still cannot define what sustainable packaging is according to the Sustainable
Packaging Coalition (SPC) definition.
Also, conflicting claims about end-of-life scenarios are prevalent.
Examples: “What actually goes on inside a landfill? Do products really
degrade in a landfill or are they simply entombed?” However there is a
light at the end of the tunnel. The Consumer Goods Forum-Global Packaging
Project (GPP), Federal Trade Commission-Green Guides, ASTM, UL, USDA and other
groups are slowly setting standards to bring order to the chaos. The collective
goal taken from the introduction of the GPP Report is to bring “common
definitions and principles, agreed metrics and indicators and guidance on
usage.” In my estimation, this has taken far too long. An example of this
is why are municipalities all over this country trying to regulate and ban the
use of plastic packaging? Why hasn’t the plastic industry stepped up and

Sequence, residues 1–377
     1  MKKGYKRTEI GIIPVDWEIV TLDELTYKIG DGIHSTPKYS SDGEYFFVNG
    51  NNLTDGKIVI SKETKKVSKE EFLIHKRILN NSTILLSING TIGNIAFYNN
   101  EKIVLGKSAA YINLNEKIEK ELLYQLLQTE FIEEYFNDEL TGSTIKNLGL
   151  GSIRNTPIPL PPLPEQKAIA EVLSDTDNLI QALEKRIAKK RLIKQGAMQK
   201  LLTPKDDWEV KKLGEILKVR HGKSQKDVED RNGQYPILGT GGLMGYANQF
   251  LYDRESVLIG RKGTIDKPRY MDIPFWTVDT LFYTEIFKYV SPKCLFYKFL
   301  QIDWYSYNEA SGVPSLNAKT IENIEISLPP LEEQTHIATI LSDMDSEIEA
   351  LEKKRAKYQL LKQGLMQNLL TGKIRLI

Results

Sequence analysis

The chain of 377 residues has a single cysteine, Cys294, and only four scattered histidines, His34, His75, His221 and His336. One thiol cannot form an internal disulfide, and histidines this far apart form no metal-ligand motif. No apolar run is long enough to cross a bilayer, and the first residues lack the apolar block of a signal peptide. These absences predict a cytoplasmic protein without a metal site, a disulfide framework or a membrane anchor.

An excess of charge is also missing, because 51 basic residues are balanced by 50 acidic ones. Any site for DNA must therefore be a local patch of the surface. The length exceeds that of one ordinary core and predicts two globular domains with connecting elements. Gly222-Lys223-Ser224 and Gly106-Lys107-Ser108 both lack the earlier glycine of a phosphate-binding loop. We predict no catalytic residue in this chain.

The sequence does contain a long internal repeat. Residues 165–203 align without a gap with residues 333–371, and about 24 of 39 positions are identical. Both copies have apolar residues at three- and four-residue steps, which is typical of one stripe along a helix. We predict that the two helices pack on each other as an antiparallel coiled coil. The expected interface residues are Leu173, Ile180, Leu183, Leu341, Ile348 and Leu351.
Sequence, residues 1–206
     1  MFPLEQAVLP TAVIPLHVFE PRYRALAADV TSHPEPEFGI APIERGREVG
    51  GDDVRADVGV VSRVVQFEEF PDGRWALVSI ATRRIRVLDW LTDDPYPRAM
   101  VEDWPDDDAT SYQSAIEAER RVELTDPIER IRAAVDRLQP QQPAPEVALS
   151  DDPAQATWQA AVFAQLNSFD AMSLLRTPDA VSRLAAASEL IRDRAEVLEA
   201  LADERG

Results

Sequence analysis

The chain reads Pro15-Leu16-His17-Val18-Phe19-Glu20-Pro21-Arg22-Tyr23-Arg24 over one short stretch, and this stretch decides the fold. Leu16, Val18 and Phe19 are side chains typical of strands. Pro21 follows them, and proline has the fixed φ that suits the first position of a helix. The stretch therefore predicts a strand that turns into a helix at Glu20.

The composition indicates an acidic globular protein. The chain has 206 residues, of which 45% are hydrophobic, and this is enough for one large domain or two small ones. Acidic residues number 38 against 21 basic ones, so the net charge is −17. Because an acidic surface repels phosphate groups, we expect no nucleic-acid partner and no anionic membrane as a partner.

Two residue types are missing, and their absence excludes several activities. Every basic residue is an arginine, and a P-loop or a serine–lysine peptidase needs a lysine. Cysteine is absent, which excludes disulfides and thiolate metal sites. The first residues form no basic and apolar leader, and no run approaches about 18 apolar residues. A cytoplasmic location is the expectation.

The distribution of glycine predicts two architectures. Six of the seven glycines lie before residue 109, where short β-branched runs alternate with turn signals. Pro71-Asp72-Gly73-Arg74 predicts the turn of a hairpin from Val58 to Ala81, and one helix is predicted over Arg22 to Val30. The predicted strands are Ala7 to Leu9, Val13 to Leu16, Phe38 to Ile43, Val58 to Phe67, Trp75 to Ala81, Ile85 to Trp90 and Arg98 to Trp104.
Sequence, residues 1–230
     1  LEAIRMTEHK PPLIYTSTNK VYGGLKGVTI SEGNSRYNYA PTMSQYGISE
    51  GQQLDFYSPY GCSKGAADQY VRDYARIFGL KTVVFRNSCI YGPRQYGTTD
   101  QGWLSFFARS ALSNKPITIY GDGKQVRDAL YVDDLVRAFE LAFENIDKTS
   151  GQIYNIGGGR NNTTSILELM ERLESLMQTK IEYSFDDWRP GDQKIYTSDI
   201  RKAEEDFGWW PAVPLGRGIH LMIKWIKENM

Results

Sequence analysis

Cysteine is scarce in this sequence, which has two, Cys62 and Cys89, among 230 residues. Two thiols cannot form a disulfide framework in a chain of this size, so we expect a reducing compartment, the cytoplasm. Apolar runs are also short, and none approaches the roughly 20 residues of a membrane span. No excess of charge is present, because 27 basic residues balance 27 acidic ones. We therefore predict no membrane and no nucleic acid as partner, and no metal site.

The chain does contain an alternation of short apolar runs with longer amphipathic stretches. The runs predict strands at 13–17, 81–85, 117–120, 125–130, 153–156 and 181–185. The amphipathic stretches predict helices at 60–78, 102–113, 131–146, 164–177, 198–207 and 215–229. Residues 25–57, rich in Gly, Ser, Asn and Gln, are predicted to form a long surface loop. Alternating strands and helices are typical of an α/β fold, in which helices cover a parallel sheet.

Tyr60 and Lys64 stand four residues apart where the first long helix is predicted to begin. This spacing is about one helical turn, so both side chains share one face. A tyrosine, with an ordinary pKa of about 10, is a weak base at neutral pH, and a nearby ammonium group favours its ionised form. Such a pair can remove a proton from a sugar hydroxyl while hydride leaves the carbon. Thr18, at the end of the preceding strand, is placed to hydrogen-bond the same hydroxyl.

presented the value proposition for plastics? They saw this coming years ago.
F&BP: Other than requiring regulatory approval for food contact,
are there any differences in bioplastics selected for applications in food and
beverages than for other end-use markets?
Timm: The biggest requirement for food packaging is keeping the ingredients
safe from outside contaminates and spoilage. To do this, barrier properties are
probably the most significant requirement of the food and beverage
package. Additional requirements are printability, machinability, and a